Last month, we told you about the new Safety Data Sheet (SDS) format required by OSHA’s updated Hazard Communication Standard (HCS), 29 CFR 1910.1200. Now it’s time to fill you in on the second half of the puzzle: a new label design.
According to OSHA the updated HCS requires that the new labels include:
- Precautionary statements
- Hazard Pictograms
- Signal word(s)
- Hazard statements for each hazard class and category
What other information will be required on chemical labels?
In addition to the aforementioned requirements, labels must include:
- Product Identifiers (Chemical Code and Name)
- Supplier Identification Information (Name, Address and Phone Number)
- Supplementary Information (i.e. Directions for Use)
What do the new labels look like?
The new labels have been redesigned to facilitate quick identification of hazards and risks, and now require the use of pictograms that will make it easier for non-English-speaking and low-literacy employees to understand chemical hazards. An example of the new basic label can be found here, while the new pictograms and detailed information on the changes can be found here.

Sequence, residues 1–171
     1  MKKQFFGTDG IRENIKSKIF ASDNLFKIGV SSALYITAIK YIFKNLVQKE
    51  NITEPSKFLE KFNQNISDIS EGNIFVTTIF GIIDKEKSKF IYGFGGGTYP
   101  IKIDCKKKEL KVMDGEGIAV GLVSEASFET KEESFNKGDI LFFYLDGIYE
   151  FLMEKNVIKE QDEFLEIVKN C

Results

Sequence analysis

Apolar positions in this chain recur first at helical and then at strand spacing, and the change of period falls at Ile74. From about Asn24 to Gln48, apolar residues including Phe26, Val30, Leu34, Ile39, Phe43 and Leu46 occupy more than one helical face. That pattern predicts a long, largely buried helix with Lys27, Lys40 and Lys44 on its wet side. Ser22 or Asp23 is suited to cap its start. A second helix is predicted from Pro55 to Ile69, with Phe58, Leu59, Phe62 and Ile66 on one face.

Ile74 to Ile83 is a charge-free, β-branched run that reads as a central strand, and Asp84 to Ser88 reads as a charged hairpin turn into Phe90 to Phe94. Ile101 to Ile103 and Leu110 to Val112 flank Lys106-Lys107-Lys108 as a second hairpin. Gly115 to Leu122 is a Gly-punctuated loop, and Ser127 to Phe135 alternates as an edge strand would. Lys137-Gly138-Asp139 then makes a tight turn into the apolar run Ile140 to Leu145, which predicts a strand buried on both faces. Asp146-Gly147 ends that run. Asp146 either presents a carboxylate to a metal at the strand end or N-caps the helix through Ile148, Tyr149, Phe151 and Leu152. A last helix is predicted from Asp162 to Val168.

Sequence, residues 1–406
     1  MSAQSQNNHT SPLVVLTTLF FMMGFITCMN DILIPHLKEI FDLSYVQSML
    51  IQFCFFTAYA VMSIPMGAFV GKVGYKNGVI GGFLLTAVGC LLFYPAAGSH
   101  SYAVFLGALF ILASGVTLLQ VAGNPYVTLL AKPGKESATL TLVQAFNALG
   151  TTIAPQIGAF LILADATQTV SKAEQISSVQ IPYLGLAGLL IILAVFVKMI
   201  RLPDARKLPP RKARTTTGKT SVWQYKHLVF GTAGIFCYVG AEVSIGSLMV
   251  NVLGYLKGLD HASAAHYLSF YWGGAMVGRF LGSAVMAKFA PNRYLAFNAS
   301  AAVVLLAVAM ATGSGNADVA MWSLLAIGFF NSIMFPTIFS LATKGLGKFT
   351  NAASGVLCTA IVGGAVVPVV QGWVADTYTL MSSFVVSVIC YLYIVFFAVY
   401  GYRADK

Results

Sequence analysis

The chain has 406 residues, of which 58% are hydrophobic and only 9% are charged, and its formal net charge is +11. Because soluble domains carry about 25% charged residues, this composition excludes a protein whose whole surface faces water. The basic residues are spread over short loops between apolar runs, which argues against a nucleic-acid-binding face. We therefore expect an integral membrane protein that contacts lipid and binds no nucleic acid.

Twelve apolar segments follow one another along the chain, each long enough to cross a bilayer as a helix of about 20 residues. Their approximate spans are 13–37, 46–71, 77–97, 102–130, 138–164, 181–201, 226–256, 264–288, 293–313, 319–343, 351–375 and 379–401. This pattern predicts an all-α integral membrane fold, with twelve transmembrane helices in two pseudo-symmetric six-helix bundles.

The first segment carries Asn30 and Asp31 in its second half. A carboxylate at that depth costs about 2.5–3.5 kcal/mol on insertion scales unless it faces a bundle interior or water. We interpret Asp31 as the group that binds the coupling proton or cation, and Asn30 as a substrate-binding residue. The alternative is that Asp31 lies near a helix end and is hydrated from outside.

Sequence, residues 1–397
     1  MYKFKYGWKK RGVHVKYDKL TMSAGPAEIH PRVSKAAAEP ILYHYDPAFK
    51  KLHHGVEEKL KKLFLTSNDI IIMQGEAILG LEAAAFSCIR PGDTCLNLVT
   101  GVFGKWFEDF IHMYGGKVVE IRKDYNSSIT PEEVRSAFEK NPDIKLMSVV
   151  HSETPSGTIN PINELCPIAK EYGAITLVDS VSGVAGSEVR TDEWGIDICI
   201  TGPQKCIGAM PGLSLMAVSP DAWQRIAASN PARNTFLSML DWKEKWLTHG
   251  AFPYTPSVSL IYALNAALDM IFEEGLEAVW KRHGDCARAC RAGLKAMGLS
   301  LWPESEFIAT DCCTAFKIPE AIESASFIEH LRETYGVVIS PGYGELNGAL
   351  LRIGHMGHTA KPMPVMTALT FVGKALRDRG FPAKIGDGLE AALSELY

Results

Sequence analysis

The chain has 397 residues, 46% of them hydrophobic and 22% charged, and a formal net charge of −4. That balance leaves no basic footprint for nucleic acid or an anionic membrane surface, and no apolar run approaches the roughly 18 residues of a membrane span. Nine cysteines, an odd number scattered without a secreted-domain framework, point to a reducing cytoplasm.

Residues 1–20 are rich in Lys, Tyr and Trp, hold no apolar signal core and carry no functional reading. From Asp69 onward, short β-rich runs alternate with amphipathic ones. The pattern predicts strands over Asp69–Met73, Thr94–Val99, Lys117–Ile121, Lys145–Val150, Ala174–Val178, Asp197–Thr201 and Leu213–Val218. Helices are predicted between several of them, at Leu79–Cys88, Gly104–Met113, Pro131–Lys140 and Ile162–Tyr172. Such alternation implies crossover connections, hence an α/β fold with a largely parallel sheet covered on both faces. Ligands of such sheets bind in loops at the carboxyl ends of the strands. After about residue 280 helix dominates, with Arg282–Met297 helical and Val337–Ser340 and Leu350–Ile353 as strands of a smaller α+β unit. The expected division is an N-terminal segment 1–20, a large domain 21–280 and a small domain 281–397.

Employers, please note: While chemicals found in regular office supplies like pens, white out, window cleaner, etc. are exempt from this OSHA regulation, employers still need to train their employees on the new standard if there is a chance that hazardous chemicals might be encountered or used in their workplace. Even temporary circumstances like construction or remediation that might introduce hazardous chemicals into the workplace are covered under OSHA regulation. This means that all employees who might encounter hazardous chemicals-even in these types of circumstances must be trained on the new SDS sheets and labels required by the updated Hazard Communication Standard.